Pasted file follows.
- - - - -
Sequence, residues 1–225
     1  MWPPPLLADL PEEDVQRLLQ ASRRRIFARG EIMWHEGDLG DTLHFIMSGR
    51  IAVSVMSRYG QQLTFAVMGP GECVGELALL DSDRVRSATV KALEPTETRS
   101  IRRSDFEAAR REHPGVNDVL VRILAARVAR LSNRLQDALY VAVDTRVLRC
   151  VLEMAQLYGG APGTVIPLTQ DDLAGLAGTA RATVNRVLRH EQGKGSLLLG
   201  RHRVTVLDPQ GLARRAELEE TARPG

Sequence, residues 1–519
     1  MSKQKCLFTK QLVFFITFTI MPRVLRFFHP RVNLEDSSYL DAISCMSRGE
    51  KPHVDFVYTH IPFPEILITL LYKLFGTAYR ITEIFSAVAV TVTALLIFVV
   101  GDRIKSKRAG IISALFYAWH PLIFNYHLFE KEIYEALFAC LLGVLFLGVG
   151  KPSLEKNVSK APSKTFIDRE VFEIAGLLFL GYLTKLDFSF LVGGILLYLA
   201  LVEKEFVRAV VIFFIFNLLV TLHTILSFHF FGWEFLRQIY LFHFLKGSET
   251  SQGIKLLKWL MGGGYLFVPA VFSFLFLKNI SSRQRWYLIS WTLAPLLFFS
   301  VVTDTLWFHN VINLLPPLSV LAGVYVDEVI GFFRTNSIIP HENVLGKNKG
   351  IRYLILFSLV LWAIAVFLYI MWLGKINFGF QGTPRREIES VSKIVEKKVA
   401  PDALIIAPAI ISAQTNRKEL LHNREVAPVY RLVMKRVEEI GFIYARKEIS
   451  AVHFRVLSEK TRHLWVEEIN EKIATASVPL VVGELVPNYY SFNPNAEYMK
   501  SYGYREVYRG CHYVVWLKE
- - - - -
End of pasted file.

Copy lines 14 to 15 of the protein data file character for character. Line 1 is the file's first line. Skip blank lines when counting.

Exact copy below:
   301  VVTDTLWFHN VINLLPPLSV LAGVYVDEVI GFFRTNSIIP HENVLGKNKG
   351  IRYLILFSLV LWAIAVFLYI MWLGKINFGF QGTPRREIES VSKIVEKKVA